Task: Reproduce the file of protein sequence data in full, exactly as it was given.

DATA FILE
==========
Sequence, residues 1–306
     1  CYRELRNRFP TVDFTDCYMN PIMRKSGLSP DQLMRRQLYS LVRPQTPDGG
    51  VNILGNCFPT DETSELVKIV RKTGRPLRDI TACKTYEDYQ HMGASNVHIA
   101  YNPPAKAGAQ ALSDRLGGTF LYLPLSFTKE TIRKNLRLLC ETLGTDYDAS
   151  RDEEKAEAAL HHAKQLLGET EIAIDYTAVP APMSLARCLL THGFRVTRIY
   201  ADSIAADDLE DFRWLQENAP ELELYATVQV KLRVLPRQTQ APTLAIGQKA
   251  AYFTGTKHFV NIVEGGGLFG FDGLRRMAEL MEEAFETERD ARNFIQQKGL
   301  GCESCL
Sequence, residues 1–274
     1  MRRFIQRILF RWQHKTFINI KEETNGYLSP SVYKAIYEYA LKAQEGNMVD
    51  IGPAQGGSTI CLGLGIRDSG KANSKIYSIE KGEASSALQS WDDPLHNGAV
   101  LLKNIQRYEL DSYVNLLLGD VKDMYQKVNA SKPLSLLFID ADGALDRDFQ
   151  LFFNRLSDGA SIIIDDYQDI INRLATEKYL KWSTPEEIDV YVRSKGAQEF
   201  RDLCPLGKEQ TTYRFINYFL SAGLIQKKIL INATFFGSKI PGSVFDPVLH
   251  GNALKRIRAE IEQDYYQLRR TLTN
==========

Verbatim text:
Sequence, residues 1–306
     1  CYRELRNRFP TVDFTDCYMN PIMRKSGLSP DQLMRRQLYS LVRPQTPDGG
    51  VNILGNCFPT DETSELVKIV RKTGRPLRDI TACKTYEDYQ HMGASNVHIA
   101  YNPPAKAGAQ ALSDRLGGTF LYLPLSFTKE TIRKNLRLLC ETLGTDYDAS
   151  RDEEKAEAAL HHAKQLLGET EIAIDYTAVP APMSLARCLL THGFRVTRIY
   201  ADSIAADDLE DFRWLQENAP ELELYATVQV KLRVLPRQTQ APTLAIGQKA
   251  AYFTGTKHFV NIVEGGGLFG FDGLRRMAEL MEEAFETERD ARNFIQQKGL
   301  GCESCL
Sequence, residues 1–274
     1  MRRFIQRILF RWQHKTFINI KEETNGYLSP SVYKAIYEYA LKAQEGNMVD
    51  IGPAQGGSTI CLGLGIRDSG KANSKIYSIE KGEASSALQS WDDPLHNGAV
   101  LLKNIQRYEL DSYVNLLLGD VKDMYQKVNA SKPLSLLFID ADGALDRDFQ
   151  LFFNRLSDGA SIIIDDYQDI INRLATEKYL KWSTPEEIDV YVRSKGAQEF
   201  RDLCPLGKEQ TTYRFINYFL SAGLIQKKIL INATFFGSKI PGSVFDPVLH
   251  GNALKRIRAE IEQDYYQLRR TLTN